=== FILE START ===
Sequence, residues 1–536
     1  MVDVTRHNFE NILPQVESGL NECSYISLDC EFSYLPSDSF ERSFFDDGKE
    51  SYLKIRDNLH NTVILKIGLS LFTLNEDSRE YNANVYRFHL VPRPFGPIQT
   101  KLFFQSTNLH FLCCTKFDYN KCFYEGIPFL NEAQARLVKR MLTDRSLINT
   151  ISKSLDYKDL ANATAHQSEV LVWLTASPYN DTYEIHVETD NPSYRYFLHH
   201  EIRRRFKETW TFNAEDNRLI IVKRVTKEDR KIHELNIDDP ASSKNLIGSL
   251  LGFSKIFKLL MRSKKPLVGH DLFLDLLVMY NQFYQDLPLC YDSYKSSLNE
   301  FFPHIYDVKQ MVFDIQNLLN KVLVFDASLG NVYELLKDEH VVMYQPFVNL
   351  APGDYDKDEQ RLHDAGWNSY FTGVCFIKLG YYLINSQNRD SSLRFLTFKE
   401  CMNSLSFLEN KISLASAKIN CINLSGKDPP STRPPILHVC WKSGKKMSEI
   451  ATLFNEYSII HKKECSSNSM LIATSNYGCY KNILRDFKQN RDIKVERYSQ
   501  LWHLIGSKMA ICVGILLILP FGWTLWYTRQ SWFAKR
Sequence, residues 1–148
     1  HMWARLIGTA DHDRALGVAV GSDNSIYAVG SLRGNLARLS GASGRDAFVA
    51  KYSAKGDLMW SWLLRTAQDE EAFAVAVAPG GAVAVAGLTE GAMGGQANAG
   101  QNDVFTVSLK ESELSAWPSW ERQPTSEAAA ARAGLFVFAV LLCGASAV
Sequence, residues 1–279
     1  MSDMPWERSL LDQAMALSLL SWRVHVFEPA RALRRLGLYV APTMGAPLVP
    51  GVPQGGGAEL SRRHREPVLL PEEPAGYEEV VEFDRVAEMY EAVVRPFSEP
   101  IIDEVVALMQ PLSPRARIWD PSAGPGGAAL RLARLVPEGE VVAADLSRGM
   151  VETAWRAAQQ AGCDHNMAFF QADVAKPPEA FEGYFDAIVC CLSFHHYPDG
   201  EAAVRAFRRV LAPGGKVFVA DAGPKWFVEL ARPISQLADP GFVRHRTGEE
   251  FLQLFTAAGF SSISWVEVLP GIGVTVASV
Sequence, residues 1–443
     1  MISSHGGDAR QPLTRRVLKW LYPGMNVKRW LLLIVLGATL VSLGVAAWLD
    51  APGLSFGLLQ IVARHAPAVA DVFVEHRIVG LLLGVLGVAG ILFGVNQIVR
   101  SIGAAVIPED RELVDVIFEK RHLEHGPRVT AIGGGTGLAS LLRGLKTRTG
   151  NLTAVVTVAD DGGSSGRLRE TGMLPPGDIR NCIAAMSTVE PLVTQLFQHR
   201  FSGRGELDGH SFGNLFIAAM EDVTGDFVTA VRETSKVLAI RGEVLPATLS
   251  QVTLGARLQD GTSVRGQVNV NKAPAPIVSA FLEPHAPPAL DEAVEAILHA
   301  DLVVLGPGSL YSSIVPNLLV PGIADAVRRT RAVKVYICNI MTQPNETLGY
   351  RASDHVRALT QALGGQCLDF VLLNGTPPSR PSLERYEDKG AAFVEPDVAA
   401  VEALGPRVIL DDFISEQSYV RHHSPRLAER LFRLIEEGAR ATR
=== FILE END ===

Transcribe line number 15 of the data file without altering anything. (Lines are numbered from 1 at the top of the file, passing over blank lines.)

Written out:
    51  KYSAKGDLMW SWLLRTAQDE EAFAVAVAPG GAVAVAGLTE GAMGGQANAG